Fourteen sailors have been rescued by the crew of a Royal Navy warship after their racing yacht was stranded for 48 hours in the Atlantic Ocean.
The 60ft Clyde Challenger yacht lost its mast in the turbulent waters as it was returning from the Azores, in the mid-Atlantic, to the UK and the crew waited 20 hours for HMS Dragon to reach them.
The Type 45 destroyer was diverted 500 miles from a routine deployment to rescue the crew, travelling at 30 knots to arrive at the yacht's position - some 610 miles south west of Land's End - at around 2.30pm on Saturday.
The operation concluded at around 5pm and all crew members were said to be "alive and well".
They were treated for minor injuries and given hot food and the chance to call their families once on board the vessel.
The Challenger, which is normally berthed in the Clyde Estuary, in Scotland, could not be recovered.
Petty Officer Max Grosse, the Chief Bosun's Mate on board HMS Dragon, said: "When we arrived on scene it was clear the yacht had lost its mast and looked in a pretty desperate state after nearly 48 hours drifting in the challenging conditions.
"We were however hugely relieved to see all 14 crew alive and well.
"Despite racing through the night we only had three hours of daylight remaining in which to safely remove the crew.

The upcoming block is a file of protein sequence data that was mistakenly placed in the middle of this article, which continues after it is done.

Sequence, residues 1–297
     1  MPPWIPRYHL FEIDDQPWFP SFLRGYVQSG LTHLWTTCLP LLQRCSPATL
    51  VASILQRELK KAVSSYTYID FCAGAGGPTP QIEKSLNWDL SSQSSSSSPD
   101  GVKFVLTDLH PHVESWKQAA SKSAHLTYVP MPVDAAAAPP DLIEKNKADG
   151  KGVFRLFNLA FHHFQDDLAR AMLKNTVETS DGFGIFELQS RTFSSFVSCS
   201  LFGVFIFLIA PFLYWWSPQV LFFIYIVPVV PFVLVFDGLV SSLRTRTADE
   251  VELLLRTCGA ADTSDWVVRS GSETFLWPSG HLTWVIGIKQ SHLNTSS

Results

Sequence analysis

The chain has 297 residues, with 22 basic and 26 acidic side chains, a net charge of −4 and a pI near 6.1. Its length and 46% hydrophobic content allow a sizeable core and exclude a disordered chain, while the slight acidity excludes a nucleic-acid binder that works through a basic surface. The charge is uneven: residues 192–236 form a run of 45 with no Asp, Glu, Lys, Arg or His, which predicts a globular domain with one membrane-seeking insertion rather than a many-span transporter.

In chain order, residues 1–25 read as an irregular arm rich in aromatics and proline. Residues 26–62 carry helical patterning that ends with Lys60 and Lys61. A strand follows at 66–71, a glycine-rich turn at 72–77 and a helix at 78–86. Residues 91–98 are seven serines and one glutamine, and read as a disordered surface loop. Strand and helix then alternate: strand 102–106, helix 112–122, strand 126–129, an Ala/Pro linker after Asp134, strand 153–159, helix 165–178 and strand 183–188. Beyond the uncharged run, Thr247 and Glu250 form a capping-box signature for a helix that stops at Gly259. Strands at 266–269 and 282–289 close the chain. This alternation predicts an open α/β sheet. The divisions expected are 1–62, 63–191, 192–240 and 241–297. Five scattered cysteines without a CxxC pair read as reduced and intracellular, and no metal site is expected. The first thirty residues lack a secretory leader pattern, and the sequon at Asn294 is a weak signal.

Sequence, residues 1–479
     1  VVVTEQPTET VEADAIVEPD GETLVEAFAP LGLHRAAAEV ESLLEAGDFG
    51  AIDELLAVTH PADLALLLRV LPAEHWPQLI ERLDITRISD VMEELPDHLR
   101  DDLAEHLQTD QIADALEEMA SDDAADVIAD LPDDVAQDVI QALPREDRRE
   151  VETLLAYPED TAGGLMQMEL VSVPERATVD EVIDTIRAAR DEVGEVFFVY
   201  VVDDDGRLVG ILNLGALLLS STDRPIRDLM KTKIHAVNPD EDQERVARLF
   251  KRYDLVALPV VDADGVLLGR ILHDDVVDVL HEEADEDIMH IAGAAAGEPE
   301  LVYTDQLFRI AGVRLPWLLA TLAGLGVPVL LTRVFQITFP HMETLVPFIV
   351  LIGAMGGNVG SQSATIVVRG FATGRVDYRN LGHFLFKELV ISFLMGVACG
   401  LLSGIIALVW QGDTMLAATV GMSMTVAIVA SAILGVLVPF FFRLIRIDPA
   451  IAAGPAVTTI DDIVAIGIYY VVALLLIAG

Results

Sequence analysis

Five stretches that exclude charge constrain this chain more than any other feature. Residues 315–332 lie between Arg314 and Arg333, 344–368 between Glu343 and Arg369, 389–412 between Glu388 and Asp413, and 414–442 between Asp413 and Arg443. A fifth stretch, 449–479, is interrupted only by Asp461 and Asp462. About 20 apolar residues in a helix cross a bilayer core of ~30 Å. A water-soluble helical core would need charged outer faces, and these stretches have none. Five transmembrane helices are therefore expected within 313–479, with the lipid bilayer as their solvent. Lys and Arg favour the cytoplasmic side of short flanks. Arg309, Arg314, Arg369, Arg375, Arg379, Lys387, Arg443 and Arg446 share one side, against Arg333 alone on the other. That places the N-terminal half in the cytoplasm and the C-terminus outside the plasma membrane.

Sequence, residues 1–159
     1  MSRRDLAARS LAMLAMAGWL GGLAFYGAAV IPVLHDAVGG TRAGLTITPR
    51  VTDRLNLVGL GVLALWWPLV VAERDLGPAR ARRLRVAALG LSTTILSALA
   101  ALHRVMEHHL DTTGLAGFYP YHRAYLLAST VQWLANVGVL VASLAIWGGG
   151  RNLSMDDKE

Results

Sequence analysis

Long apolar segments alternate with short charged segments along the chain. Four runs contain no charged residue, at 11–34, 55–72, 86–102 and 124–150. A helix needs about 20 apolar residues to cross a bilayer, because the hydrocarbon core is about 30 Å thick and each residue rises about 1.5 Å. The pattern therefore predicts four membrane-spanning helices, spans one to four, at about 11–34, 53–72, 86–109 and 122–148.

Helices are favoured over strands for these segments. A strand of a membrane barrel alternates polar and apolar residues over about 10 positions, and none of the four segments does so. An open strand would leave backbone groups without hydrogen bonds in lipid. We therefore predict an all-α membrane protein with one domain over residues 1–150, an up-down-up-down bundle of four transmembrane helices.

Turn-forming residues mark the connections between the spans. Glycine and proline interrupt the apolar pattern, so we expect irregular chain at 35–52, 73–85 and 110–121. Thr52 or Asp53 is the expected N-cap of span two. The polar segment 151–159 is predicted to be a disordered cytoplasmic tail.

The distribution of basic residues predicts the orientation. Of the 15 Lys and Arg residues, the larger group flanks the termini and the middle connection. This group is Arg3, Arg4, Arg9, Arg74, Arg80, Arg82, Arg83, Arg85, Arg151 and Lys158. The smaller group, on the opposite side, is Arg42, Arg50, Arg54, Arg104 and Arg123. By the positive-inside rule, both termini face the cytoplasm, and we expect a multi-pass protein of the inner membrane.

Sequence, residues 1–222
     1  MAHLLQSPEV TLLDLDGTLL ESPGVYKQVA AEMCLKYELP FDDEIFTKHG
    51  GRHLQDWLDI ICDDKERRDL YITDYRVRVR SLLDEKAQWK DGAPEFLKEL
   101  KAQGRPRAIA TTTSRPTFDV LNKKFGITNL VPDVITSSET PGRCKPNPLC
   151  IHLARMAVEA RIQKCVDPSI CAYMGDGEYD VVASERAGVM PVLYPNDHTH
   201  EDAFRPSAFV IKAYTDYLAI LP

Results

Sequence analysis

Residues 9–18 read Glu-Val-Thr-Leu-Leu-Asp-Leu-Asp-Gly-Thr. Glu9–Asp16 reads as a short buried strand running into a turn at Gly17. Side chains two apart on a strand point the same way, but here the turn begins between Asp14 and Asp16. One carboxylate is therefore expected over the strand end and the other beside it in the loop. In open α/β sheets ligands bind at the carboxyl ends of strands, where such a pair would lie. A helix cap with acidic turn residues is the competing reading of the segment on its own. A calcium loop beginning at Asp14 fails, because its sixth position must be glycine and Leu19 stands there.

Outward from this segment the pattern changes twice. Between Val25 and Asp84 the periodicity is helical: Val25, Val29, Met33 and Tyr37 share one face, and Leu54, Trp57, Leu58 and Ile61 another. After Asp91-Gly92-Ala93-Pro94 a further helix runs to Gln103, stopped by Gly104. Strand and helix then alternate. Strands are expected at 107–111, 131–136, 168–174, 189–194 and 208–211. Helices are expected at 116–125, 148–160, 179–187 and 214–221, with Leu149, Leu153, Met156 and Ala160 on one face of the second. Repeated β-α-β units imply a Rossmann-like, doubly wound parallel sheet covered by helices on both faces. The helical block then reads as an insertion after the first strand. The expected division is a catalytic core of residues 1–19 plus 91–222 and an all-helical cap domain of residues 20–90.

"HMS Dragon is fitted with two large sea boats capable of carrying six passengers each.
"We were able to use both boats to transfer the crew as quickly as possible.
"The prevailing weather conditions and notorious Atlantic swell made it enormously challenging though and really tested the skills of my experienced sea boat coxswains."
The Clyde Challenger, which is owned by Lewis Learning Ltd, was designed and built to compete in the Clipper round-the-world yacht race and is also used for corporate, private and charity charters, according to its website.
Updates on the travel company's Facebook page said the crew reported a problem with the yacht's rudder late on Thursday evening and steering was affected.
They were aided by another vessel and a cargo ship and reported they had made a temporary rudder on Friday morning but damage to the mast and sails meant they were "unusable" and on Friday afternoon it was decided the crew needed rescuing.
A statement said: "We are delighted to report that a UK Navy vessel has successfully transferred all 14 crew members from Clyde Challenger.
"They are all safely onboard and under the care of her majesty's naval Service.
"We are extremely grateful for this news and extend huge thanks to all those involved in standing over the yacht, organising and executing the safe transfer of the crew."